Don’t Ignore That Check Engine Light
When your Check Engine light comes on it’s not a suggestion and it’s not a reason to cover up the light with a piece tape either. Typically your vehicle, especially newer cars and trucks, will very clearly tell you what you need to do, be it low tire pressure, oil change time, door ajar, and more. However at times, you will see the dreaded check engine light… What does that mean though? Are you about to be hit with hundreds of dollars in car repairs?
Don’t worry about that check engine light too much, but definitely don’t ignore it either. Oftentimes your vehicle will trigger a check engine warning when something very minor is causing an issue. Here are the most frequent causes of a check engine light. Regardless, if you see that dashboard’s orange glow take action and call or connect with your local mechanic to get it addressed quickly. The more quickly you get it addressed, the more likely you can avoid costly vehicle damage. If you’re in the Myrtle Beach area, call us at Turn Key Automotive at (843) 293-6793 or request an appointment to have the check engine light checked out and turned off. In most cases you’ll be in and out in no time.
Check Engine Reason #1: Loose Gas Cap
Yep, a loose gas cap can cause your check engine light to come on. Before you worry or call your mechanic, turn off your car, check your fuel cap, and restart. If the light is off, do a little dance, you’re in the clear.
Why does a loose gas cap matter? Simply put, your gas sloshes around a lot in your tank and not only will you end up losing gas, you’ll be putting gas fumes directly into the environment. On top of that you will be altering the pressure with your fuel system that may result in reduced vehicle performance.
If the free fix (checking the gas cap) didn’t work you will need to head into the mechanic to have them diagnose the issue. Any reputable mechanic, such as Turn Key Automotive, will be very open and show you the diagnostic report and what repairs are needed.
Check Engine Reason #2: Oxygen Sensor
A bad O2 sensor is a relatively inexpensive repair, typically around $200 (depending on your vehicle), but one that if not addressed quickly can lead to more costly problems down the road. Your vehicle’s oxygen sensor measures the amount of unburnt oxygen in your fuel system and works with your vehicle’s computer system to optimize your performance. If you have a bad O2 sensor you’ll experience:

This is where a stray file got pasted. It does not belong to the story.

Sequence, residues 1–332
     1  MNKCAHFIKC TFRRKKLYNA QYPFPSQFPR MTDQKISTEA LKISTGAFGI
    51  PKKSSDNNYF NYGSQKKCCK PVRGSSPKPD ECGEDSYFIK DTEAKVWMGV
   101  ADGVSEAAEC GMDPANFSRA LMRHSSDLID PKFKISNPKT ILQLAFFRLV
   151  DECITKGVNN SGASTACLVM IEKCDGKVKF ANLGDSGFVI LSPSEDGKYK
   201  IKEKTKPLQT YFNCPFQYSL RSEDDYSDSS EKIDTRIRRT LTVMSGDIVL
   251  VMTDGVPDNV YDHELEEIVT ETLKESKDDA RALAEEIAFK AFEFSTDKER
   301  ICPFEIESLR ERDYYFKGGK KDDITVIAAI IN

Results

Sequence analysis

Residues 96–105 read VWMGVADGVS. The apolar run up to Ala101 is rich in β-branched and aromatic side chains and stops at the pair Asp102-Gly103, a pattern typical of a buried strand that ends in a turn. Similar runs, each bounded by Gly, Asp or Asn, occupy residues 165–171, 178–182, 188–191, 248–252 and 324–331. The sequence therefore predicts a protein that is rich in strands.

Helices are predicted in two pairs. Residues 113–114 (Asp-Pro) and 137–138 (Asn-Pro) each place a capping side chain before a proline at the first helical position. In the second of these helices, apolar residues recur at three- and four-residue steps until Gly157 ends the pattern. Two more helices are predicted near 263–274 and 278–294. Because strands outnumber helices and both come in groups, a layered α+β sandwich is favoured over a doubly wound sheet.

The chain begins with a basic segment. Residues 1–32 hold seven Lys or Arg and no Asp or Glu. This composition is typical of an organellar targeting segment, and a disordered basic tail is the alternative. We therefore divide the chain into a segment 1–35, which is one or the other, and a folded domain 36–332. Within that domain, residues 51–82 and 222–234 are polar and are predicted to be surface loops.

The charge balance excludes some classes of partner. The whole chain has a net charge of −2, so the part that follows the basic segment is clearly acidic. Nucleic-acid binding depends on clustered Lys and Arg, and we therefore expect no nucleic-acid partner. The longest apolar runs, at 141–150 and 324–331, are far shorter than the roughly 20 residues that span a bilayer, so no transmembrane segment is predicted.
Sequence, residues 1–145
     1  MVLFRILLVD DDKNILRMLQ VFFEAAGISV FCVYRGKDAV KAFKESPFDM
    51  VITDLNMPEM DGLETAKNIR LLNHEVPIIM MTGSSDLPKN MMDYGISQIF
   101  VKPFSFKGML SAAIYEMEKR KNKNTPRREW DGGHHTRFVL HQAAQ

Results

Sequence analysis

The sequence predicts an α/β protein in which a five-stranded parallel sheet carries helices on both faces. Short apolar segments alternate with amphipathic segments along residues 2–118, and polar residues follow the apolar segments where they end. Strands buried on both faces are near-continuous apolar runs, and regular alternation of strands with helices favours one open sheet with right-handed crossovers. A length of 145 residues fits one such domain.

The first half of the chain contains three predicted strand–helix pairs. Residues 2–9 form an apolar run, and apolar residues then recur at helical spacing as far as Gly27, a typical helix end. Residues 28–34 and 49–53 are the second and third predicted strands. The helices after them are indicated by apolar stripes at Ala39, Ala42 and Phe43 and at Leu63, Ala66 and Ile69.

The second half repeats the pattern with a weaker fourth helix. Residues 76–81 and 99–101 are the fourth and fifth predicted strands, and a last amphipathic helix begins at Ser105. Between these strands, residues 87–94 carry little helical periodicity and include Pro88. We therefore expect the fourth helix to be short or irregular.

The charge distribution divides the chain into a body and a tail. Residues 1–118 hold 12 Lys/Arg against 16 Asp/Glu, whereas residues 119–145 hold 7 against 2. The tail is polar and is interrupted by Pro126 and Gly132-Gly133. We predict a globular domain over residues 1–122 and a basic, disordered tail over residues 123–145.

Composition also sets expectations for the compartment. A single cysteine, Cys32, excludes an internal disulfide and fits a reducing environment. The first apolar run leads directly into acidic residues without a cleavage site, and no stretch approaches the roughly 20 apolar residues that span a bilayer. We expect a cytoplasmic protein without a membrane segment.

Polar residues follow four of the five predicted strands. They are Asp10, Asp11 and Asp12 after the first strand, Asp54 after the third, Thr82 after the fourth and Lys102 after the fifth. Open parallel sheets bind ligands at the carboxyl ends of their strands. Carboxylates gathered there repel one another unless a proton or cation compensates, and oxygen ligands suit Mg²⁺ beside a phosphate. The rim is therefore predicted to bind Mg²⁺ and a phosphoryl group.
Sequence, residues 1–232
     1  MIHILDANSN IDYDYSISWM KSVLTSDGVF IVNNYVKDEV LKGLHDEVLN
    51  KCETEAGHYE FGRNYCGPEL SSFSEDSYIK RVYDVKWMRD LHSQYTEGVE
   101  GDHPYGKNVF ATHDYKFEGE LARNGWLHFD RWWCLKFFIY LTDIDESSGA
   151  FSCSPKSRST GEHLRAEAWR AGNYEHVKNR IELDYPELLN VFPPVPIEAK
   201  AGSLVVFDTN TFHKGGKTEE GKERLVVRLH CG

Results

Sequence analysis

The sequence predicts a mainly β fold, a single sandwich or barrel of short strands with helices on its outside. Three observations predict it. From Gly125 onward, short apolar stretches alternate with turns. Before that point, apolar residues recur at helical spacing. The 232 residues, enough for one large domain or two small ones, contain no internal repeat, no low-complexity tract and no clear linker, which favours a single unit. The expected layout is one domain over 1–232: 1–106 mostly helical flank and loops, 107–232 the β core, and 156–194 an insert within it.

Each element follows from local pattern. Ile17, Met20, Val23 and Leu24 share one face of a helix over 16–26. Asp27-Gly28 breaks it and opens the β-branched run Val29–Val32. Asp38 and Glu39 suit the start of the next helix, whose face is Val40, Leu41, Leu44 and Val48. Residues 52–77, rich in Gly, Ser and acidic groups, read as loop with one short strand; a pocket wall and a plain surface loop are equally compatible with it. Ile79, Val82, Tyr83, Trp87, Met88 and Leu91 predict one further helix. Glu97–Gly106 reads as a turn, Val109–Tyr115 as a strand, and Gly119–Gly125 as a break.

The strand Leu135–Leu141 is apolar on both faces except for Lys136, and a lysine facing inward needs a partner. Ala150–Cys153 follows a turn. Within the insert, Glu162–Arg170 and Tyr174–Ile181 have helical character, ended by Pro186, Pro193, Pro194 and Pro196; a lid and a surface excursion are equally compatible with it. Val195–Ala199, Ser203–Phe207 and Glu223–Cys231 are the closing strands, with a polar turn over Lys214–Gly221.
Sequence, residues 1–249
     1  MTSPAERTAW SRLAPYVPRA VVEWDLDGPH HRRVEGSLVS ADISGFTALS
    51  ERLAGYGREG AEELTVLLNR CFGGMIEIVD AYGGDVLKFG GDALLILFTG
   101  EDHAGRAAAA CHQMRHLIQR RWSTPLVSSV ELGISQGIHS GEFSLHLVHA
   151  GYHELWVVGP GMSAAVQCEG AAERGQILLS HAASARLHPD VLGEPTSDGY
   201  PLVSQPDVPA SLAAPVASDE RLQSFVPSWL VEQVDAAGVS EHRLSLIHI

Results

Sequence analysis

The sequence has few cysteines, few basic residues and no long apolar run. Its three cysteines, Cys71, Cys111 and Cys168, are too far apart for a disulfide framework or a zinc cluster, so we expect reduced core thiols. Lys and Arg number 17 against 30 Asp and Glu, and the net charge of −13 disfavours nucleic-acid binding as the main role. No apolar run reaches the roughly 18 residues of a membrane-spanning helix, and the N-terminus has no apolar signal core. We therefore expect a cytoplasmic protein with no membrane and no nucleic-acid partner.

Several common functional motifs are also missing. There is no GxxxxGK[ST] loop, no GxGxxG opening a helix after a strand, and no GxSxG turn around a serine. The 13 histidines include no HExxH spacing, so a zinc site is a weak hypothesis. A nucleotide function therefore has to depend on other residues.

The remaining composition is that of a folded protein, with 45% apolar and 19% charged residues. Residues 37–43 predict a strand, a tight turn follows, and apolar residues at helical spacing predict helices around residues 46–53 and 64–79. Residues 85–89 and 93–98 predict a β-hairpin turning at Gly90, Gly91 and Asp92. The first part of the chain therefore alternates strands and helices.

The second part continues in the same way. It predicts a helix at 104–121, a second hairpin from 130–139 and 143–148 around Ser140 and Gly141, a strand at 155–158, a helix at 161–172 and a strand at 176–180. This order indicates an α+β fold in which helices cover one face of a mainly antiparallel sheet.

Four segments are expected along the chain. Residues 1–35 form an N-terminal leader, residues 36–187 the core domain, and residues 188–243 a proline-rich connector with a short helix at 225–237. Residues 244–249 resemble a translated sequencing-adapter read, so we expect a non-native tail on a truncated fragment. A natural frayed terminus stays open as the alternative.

- Lower fuel economy (less miles per gallon)
- Burn more fuel than needed resulting in a exhaust issues
- Cause premature wear to your catalytic converter
- Cause damage to your spark plugs
Check Engine Reason #3: Catalytic Converter
The next most common cause for a check engine light is a bad, or failing, catalytic converter. Your car’s catalytic converter is part the exhaust system and is critical for keeping both your car and your environment in good condition. It’s job is to convert harmful carbon monoxide into harmless carbon dioxide. Since your car or truck is designed to run with a functioning catalytic converter, if you have a bad one you will see increased emissions, a vehicle that runs hot, and a significant loss in fuel economy.
Unfortunately replacing a catalytic converter is not the cheapest repair. Depending on the make and model of your car or truck you will be looking at anywhere between $400 t0 $800 for the entire job. Fortunately Todd and the team at Turn Key Automotive will do everything they can to keep your costs to a minimum so you’ll be able to get back on the Myrtle Beach roads with a little cash left in your pocket.
Check Engine Reason #4: Mass Airflow Sensor
You may not even know what a mass airflow sensor is, but you be assured that your car or truck does it one, it is also a common cause of the dreaded check engine light. The mass airflow sensor is what determines how much air your vehicle needs for optimum fuel efficiency. A failing mass airflow sensor (also known as a MAS) will cause several issues that you’ll notice:
- Trouble starting your vehicle or getting your engine to turn over
- Stalling engine, typically after starting
- Engine does not accelerate smoothly or is jumpy
- The engine constantly hiccups and doesn’t run smoothly
Replacing your MAS will run a few hundred dollars, around $300 depending on your vehicle. However if you have a bad MAS you most likely won’t need your check engine light to tell you something is wrong. You’ll know you have an issue and should be planning a trip to the mechanic as soon as possible.
Check Engine Reason #5: Spark Plugs or Plug Wires
Like your mass airflow sensor above, you’ll know you have a problem if your spark plugs and/or wires are starting to fail. And just like your MAS, bad plugs or wires will trigger your check engine light. Standard spark plugs have a life between 30-50,000 miles. If you see that engine line come on it is very likely that your plugs are starting to fail. The good news is replacing your plugs and possibly wires is not that expensive. Like all repairs it depends on your specific vehicle but oftentimes replacing spark plugs can be done for under $200.
There are plenty of signs of your plugs starting to go bad, but typically you’ll notice a decline in performance, engine sputtering, and not starting easily.
Fixing Your Check Engine Light In One Easy Step
We’ve covered the most common causes of check engine light, but many more exist. Your best, and easiest, bet to solve your check engine light issues is to take your car to a certified mechanic. They will be able to diagnose your issue quickly and give you an estimate in advance for repairs. If your engine light is on, give us a call here at Turn Key Automotive. Our staff of ASE certified mechanics can lend our decades of experience in Myrtle Beach to you and get you back on the road.